Belongs within: Sternorrhyncha.Contains: Trioza, Chermes, Psyllinae, Spondyliaspinae, Ciriacreminae, Aphalarinae. The Psylloidea, jumping plantlice or lerp insects, are a group of small plant-sucking bugs, some of which are notable agricultural pests. Nymphs commonly inhabit protective structures, such as leaf galls induced in host plants or wax secretions produced from the abdomen. Psylloids first appear in the… Continue reading Psylloidea


Belongs within: Nanopsocetae.Contains: Philopteridae, Trichodectidae, Anoplura, Menoponidae, Ricinidae. The Phthiraptera, true lice, are a group of small, wingless insects that live as external parasites on warm-blooded vertebrates. Historically, they have been divided between the chewing or biting Mallophaga and the sucking Anoplura but the former are undoubtedly paraphyletic to the latter. Instead, the Amblycera, which… Continue reading Phthiraptera

Categorised as Psocodea


Belongs within: Heteroptera.Contains: Nepoidea, Corixidae, Naucoroidea, Notonectoidea, Leptopodomorpha, Cimicomorpha, Aradoidea, Pentatomoidea, Coreoidea, Lygaeidae, Rhyparochromidae. The Panheteroptera are a major clade of true bugs characterised by the division of the forewings between a sclerotised proximal corium and non-sclerotised distal membrane. Panheteropterans can be divided between three major clades, the mostly water-associated Nepomorpha and Leptopodomorpha and the more strongly… Continue reading Panheteroptera


Belongs within: Hemiptera.Contains: Heteroptera. The clade Heteropteroidea unites the true bugs of the Heteroptera with their living sister taxon, the Southern Hemisphere Peloridiidae. The peloridiids are flattened, broad-bodied bugs with widely-separated eyes on short peduncles, paranotal lobes on the pronotum, and forewings with net-like veins. They are found amongst moss and leaf litter in South… Continue reading Heteropteroidea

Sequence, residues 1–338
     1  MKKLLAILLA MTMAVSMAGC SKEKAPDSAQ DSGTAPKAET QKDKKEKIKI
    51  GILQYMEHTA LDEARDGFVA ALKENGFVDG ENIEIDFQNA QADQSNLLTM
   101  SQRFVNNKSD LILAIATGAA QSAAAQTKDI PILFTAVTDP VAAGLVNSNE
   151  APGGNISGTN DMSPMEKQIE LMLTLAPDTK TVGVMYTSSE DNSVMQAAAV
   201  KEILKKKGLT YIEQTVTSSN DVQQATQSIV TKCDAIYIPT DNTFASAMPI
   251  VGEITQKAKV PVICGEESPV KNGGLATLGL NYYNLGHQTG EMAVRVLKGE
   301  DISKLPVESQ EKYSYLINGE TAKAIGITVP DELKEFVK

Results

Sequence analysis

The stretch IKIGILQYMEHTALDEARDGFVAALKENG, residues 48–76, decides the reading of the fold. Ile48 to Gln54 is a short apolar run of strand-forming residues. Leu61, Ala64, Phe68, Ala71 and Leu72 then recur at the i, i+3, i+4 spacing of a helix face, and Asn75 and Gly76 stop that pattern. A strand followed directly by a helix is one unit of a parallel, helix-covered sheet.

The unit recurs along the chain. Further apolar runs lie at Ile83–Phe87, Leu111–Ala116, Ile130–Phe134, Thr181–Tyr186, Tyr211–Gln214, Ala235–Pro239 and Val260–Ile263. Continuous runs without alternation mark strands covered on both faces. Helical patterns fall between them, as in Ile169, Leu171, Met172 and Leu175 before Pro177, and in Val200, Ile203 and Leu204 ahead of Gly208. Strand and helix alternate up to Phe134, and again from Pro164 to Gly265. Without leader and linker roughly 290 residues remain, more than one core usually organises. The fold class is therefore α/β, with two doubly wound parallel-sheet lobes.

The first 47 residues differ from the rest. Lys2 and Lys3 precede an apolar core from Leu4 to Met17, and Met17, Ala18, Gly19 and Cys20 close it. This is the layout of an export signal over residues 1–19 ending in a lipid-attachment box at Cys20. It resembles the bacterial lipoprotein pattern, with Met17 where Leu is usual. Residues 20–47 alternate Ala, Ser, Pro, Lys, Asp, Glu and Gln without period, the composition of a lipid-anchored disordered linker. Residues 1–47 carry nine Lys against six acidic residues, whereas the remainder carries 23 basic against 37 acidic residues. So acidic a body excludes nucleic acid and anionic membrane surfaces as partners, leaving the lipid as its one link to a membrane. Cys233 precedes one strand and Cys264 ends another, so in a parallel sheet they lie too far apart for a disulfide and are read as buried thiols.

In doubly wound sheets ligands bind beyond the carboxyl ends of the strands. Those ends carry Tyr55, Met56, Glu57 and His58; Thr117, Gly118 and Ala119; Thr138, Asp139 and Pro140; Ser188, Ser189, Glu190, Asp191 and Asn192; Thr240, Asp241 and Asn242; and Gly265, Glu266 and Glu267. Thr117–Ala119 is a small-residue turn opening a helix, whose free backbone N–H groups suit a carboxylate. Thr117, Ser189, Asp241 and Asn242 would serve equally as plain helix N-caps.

Belongs within: Cimicomorpha.Contains: Orthotylinae, Phytocoris, Phylinae, Bryocorinae, Mirinae. The Miridae are a diverse family of true bugs including both phytophagous and carnivorous species. They can be distinguished from most other bug families by the presence of a cuneus in the forewing, together with a four-segmented labium (Carver et al. 1991). They also generally lack ocelli though… Continue reading Miridae


Belongs within: Panheteroptera. The Nepoidea are a group of aquatic bugs in which the fore wing venation is reticulate and the eighth abdominal tergum is modified into a pair of respiratory processes. In members of the family Nepidae, water scorpions, these processes are angular filaments that form a more or less elongate siphon. In the… Continue reading Nepoidea


Belongs within: Panheteroptera.Contains: Rhypodes, Blissus, Geocoris, Astacops, Oncopeltus, Lygaeus. The Lygaeidae are a large family of bugs that mostly feed on seeds. The Blissinae, chinch bugs, are exceptional in feeding on sap from monocotyledonous plants. Members of the subfamilies Lygaeinae, Ischnorhynchinae and Orsillinae have the spiracles located dorsally on each segment of the abdomen; in… Continue reading Lygaeidae


Belongs within: Panheteroptera.Contains: Mezirinae. The Aradoidea are a group of flattened bugs, many species of which are found on or under bark of dead or dying trees (Grimaldi & Engel 2005). When wings are present, the sides of the abdomen extend outside the margins of the wings at rest. Most living species are included in… Continue reading Aradoidea


Belongs within: Auchenorrhyncha.Contains: Cercopoidea, Tibicinidae, Cicadidae, Cicadellidae, Membracidae. The Clypeata are the crown clade of living species of the Cicadomorpha. They are characterised by a large, swollen postclypeus, and probably ancestrally feed on xylem (some subgroups feed on phloem or mesophyll) (Shcherbakov & Popov 2002). Three ocelli are present on the crown of the head… Continue reading Clypeata


Belongs within: Paraneoptera.Contains: Heteropteroidea, Auchenorrhyncha, Protopsyllidiidae, Sternorrhyncha. The Hemiptera, bugs, are a major group of insects in which the mouthparts have become modified into a tubular rostrum for sucking fluids. The mandibles and maxillae form two pairs of elongate stylets lying in a grooved labium (Grimaldi & Engel 2005). The maxillary and labial palps have… Continue reading Hemiptera

Categorised as Hemiptera